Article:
VAROOM!!! And not only that, the engine kept running and purred like a kitten. Forty to fifty miles later and it’s still running like a champ. I don’t know how long the TD condenser will last but hopefully at least until I can buy several MGB condensers to put in the ditty bag in the boot.

So, did the dying battery cause the condenser to fail? Did the almost broken wire create a high resistance point that prevented the coil from properly functioning? Did the failing condenser cause the battery to discharge and fail? Did none of these failures cause the other failures and it was all just an unfortunate set of coincidences? ONLY THE SHADOW KNOWS!

J. K. Chapin

Jud,
No reason why the TD condenser should fail if Td's are 12v.
On your question of cause and effect or coincidence i've been messing with cars long enough never to commit to either view unless glaringly obvious!!!
Allan Reeling

As far as a condenser being 'prone' to failure (modern examples from some sources excepted) goes I personally have never had one fail in almost 50 years during which time I have rarely been without a car with points and condenser ignition.

Yes, temporarily connecting a spare condenser between the points terminal of the coil and earth is indeed a quick way to deal with a failure rather than fiddling about inside the distributor at the roadside. Unless it has gone short-circuit of course, in which case snip the wire to the condenser.

Condensers are built (or should be built!) to withstand at least a couple of hundred volts as that is the voltage you will see on an oscilloscope when the points open - generated from the coil in much the same way as the HT spark is by the collapsing magnetic field, and is why you get a spark across the opening points. The upshot being that a TD condenser in an MGB or vice-versa should not cause any problems. Any difference in capacitance shouldn't have a significant effect either, just for kicks I've viewed the HT and LT waveforms on a 'scope with two condensers in parallel and in series with only fractional changes in the waveform, and no change to HT spark amplitude.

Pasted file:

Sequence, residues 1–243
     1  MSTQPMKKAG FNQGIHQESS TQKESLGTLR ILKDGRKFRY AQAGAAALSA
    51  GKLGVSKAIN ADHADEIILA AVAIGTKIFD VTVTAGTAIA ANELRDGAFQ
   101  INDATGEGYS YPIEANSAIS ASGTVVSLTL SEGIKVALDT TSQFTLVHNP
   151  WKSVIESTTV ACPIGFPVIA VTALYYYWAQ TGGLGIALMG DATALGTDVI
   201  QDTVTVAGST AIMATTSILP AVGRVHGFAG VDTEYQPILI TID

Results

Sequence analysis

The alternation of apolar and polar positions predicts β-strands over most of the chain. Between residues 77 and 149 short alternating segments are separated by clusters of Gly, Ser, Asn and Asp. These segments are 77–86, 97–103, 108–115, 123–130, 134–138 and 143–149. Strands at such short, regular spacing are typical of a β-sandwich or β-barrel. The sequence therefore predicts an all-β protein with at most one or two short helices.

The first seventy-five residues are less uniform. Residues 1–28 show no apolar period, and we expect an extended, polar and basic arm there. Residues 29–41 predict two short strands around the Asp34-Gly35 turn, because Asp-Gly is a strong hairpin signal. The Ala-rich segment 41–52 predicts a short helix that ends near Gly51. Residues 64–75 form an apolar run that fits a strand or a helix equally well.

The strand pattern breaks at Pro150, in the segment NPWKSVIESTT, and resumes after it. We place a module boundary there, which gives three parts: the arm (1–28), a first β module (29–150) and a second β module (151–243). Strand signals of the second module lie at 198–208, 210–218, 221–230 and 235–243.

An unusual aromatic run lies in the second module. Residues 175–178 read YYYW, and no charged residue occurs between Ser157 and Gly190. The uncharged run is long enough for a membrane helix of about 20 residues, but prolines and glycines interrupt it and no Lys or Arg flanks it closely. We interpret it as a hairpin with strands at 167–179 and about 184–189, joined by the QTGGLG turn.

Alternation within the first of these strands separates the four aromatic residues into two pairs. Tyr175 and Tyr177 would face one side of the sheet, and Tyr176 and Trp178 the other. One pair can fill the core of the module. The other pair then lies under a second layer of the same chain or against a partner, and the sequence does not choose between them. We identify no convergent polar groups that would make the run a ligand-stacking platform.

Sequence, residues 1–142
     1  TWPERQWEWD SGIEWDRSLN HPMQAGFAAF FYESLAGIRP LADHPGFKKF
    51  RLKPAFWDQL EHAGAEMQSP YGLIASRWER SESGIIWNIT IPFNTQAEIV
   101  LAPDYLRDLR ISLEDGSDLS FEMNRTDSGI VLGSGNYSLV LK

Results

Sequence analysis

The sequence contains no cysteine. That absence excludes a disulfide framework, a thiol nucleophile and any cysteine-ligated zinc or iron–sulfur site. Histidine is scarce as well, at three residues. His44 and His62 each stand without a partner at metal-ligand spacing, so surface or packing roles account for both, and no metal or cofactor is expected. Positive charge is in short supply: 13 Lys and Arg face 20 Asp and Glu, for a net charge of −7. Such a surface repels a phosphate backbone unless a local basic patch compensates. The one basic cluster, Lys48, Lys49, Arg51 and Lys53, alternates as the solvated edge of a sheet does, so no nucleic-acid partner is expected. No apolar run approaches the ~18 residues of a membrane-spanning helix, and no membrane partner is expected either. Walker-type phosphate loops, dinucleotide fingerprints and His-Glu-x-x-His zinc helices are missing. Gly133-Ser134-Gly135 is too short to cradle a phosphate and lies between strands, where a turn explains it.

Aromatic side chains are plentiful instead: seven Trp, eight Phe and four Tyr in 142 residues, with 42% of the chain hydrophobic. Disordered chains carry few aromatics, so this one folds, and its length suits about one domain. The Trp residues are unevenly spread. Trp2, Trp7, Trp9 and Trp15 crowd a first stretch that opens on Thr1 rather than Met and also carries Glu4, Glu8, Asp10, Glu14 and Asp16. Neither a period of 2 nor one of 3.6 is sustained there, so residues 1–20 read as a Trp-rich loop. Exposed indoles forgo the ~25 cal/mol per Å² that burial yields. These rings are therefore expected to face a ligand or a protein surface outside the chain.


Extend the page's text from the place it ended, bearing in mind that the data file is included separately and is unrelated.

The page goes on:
I've also had a coil wire hanging on by a single strand with no ill effects, even if that strand does heat up it isn't going to increase the resistance and reduce the current enough to affect the spark - until it parts company altogether that is.

Likewise a flat battery won't cause a condenser to fail, otherwise it would have happened to almost everyone at some point or another.

Neither can a failing condenser cause the battery to go flat - unless you keep cranking a non-starter until it does so, that is.

Which leaves coincidence.
Paul Hunt

Paul, thanks for the good info. Yes, I think the wire hanging on by a thread was a red herring and I think you're right that it was all an interesting set of coincidences. Anyway, it was an interesting experience and All's well that ends well. Jud
J. K. Chapin

This thread was discussed between 23/11/2015 and 28/11/2015